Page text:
"Look," I say to my breakfast companion, "I know this is going to make me look and sound like a child. But it’s just what I need to do to extract maximum pleasure from this experience." And then I explain to them that I eat every item individually, one after the other. They look aghast, and try to convert me. They try to sell me on the merits of mixing my food. They try to tell me how nice it is to have hash brown AND sausage AND egg on the same fork. I smile and shake my head. It’s too late for me. I’m in too deep.
I never met a sausage I didn’t like. A fancy sausage. A cheap sausage. I love them all
And then I begin. And let me tell you how I do it.
First, I eat all the mushrooms. I often regret this if the mushrooms have been cooked especially well, because the logic of this system is that I’m eating the items in reverse order of preference, so the stuff I like the least goes first.
Then I eat the egg. This is where the ‘no moisture’ really peaks. If I’ve been served some free toast, or a breakfast companion has a slice they’re willing to surrender to me, I’ll put the egg on the toast and the toast can soak up the yolk, but if there’s no bread, I carefully cut around the yolk, eating all the white, then I eat the little yellow circle LAST so I can put it all in my mouth in one go and create no yolk-spillage on the plate.
Then, and here is where I make a concession to mixing things up, I alternate one hash brown with one slice of black pudding. I find it’s hard to do these things really well in most cafes, so I end up heavily salting both. They should be the centrepiece of the breakfast, in my opinion, because when they’re good, they’re not just good, they’re phenomenal. But black pudding can be flavourless and hash browns can be kind of insipid, so I like to spread that risk by alternating them, rather than throwing all my hope into the fact that one of them will be REALLY good.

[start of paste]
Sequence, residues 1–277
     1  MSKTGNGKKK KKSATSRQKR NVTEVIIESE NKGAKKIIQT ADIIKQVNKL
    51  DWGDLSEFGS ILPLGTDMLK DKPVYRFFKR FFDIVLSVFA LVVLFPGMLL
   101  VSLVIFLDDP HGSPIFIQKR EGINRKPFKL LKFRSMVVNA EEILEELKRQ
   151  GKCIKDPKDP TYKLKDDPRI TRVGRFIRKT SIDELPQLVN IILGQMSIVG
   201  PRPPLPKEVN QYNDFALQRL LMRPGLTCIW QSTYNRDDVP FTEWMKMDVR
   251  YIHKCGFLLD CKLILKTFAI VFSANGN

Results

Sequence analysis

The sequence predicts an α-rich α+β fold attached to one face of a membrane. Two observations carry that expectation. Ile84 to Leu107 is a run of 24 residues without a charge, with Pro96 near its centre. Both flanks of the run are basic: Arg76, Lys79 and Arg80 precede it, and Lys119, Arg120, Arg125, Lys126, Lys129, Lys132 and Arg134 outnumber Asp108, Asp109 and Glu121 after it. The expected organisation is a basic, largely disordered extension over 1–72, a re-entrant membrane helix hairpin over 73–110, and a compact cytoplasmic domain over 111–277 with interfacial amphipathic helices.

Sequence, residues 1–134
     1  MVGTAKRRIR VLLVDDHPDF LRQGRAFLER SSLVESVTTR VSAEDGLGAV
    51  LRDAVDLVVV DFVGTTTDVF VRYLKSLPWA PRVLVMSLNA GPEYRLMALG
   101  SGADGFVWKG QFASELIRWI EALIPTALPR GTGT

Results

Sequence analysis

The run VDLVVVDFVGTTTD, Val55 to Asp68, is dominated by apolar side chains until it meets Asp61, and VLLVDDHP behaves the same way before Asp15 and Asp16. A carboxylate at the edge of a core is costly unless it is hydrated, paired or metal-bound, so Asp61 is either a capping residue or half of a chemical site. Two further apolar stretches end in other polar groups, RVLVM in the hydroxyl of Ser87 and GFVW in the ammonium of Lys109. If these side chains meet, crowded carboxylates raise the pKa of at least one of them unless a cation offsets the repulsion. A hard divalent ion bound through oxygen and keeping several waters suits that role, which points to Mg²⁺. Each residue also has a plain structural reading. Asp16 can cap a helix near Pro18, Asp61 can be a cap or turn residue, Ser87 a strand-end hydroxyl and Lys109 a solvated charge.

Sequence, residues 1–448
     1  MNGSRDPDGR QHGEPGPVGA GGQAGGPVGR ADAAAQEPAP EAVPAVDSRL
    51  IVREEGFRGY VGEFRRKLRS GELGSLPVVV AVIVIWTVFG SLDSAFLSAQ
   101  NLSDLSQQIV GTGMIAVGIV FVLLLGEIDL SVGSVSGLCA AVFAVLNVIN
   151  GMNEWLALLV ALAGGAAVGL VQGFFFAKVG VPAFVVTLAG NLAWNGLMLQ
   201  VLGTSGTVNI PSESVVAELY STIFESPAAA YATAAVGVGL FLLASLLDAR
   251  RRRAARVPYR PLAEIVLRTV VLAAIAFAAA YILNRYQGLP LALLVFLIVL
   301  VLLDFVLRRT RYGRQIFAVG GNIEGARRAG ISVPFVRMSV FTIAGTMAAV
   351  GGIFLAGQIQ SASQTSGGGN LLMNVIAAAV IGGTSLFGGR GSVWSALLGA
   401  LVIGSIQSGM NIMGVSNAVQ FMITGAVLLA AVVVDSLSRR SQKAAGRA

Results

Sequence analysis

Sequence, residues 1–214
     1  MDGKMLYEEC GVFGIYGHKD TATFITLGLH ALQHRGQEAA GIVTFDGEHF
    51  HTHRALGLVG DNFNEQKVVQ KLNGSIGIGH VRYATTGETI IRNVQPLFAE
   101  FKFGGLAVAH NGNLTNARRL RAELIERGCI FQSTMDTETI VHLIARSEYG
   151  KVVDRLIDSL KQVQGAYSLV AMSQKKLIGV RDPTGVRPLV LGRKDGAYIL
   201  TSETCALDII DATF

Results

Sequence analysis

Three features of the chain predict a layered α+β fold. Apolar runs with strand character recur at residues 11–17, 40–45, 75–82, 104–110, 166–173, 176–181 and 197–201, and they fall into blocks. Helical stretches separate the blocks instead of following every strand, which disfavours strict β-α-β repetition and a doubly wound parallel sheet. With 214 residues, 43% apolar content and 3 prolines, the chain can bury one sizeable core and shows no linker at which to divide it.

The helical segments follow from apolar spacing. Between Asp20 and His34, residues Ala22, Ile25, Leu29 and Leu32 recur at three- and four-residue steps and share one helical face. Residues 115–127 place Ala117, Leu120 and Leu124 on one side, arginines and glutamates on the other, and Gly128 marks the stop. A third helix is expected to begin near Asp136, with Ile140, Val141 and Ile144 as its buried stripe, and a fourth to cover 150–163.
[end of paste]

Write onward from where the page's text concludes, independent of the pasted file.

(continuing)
After that rigmarole, I like to eat the main body of the bacon. You know what I mean? Like the main substantial bit of a rasher of bacon. I cut the fat off and eat the kind of oval-shaped main bit. I like pretty much any bacon that I could reasonably be served in a cafe, so this rarely lets me down.
And then it’s time for sausage. I am going to go out on a limb and say: I never met a sausage I didn’t like. A fancy sausage. A cheap sausage. Anything in between. I love them all. I think sausages are one of life’s greatest joys. So I save it for last. I like to lightly sprinkle some salt on my plate and cut a piece of sausage and press the exposed inside bit into the dusting of salt. It is pure joy.
Finally, I like to round the meal off with... well, let’s call it a reverse-amuse bouche. An anti-palate cleanser. I eat the delicious, greasy, lightly crispy bacon fat for a final salty hit. Come on, you didn’t think I was cutting the fat off because I didn’t want it, did you?
And with that, I have curated and consumed my perfect breakfast for no moisture and maximum pleasure.